The follow-on 1997 Cyrix-Intel litigation was the reverse: instead of Intel claiming that Cyrix 486 chips violated their patents, now Cyrix claimed that Intel's Pentium Pro and Pentium II violated Cyrix patents—in particular, power management and register renaming techniques. The case was expected to drag on for years but was settled quite promptly, by another mutual cross-license agreement. Intel and Cyrix now had full and free access to each other's patents. The settlement didn't say whether the Pentium Pro violated Cyrix patents or not; it simply allowed Intel to carry on making them either way—exactly as the previous settlement sidestepped Intel's claim that the Cyrix 486 violated Intel patents.
http://en.wikipedia.org/wiki/Cyrix#Legal_troubles
post #25 of 30
Quote:
Originally Posted by Licht View Post
Thats not really the point. They are going to make CPU with integrated GPU that can do some work that the CPU would normally do but since its a GPU it would be many times faster. This means in certain operations said CPU would be immensely more powerful.
Yeah, it would be like having a 128 core CPU, as the shaders on a GPU are like Cores on a CPU.
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post #26 of 30
Quote:
Originally Posted by Brutuz View Post
Yeah, it would be like having a 128 core CPU, as the shaders on a GPU are like Cores on a CPU.
No not exactly since they can't handle central (for the C in CPU) data. The GPU core would be counted as a single core, then that core is only used in certain circumstances. If the data could be processed in a GPU, then it will go to the GPU core, otherwise it gos to the CPU core(s.) Really ingenious concept.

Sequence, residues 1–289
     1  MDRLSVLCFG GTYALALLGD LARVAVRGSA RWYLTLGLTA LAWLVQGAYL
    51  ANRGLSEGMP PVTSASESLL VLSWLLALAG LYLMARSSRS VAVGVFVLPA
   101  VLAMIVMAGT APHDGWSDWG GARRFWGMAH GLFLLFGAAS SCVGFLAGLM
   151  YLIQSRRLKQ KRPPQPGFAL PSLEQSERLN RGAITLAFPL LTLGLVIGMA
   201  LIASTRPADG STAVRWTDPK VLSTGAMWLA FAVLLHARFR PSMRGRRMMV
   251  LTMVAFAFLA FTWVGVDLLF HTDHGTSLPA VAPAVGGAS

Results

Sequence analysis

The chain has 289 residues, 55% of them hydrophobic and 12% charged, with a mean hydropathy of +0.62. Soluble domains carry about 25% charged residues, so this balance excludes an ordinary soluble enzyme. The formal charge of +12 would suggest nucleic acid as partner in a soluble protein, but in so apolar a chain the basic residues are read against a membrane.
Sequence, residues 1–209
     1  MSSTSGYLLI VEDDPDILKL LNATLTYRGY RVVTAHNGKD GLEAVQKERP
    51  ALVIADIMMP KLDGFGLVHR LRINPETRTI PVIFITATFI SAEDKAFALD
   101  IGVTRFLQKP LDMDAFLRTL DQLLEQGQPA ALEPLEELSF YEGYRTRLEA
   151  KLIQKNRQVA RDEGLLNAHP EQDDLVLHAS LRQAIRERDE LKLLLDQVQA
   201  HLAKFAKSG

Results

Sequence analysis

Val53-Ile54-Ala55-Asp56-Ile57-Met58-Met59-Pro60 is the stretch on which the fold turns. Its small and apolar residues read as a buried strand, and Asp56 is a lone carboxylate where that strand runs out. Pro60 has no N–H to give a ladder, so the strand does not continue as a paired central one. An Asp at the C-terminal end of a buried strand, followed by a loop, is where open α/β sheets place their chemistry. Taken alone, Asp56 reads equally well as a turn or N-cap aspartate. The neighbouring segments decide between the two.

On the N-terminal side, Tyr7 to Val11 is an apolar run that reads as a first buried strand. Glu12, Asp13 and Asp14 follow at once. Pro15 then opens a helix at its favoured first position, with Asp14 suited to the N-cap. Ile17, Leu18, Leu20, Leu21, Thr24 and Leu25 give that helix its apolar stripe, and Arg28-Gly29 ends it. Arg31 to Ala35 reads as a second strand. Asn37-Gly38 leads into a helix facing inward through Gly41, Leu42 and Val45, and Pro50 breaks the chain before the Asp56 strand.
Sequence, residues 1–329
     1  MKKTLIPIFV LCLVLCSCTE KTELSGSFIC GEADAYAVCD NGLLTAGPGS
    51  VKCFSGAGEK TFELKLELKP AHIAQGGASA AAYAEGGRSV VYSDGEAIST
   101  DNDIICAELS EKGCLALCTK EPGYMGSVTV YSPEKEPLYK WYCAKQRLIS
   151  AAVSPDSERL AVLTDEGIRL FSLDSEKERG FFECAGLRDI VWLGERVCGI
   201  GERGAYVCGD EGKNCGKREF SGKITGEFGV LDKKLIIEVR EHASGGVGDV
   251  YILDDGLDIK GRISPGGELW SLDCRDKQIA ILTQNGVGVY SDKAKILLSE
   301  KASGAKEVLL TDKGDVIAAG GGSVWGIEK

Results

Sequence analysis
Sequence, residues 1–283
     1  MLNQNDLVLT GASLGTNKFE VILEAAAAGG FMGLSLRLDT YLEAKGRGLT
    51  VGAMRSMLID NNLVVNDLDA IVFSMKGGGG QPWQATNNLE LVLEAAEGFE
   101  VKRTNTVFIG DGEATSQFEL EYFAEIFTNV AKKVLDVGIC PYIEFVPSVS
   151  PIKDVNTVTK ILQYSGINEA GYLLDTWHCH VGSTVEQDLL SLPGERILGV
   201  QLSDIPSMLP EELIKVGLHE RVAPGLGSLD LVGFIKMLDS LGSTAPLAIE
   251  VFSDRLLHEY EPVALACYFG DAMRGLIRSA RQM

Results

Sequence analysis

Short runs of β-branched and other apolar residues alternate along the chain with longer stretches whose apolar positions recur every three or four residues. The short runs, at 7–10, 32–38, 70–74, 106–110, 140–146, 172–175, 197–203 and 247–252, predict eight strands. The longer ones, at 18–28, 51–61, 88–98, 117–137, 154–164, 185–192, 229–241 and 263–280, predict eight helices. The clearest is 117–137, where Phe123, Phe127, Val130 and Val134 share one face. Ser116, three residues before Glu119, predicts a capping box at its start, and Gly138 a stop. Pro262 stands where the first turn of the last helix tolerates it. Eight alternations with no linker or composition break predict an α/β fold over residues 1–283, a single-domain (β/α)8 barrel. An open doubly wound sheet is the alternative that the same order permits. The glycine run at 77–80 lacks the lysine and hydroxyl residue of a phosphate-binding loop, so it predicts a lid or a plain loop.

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post #27 of 30
Quote:
Originally Posted by Brutuz View Post
Yeah, it would be like having a 128 core CPU, as the shaders on a GPU are like Cores on a CPU.
Quote:
Originally Posted by Licht View Post
No not exactly since they can't handle central (for the C in CPU) data. The GPU core would be counted as a single core, then that core is only used in certain circumstances. If the data could be processed in a GPU, then it will go to the GPU core, otherwise it gos to the CPU core(s.) Really ingenious concept.
Right...not quite the same...

But perhaps that makes the GPU "CPU" more powerful.

Current CPU cores are semi symmetical units. Each core has cache, an FPU, an ALU - or perhaps multiple of each. This allows different programs to run off each core without a hitch. A GPU, on the other hand, has "shaders". I believe that's a fancy name for an FPU that has direct access to the onboard memory, or something like that. There's only one GPU - one core - but the core is so massively powerful, that it can process every task at the same time. It has so many FPUs that it could easily process data for 50 threads or processes without getting close to its capacity.

...assuming the main core can manage moving all that info around.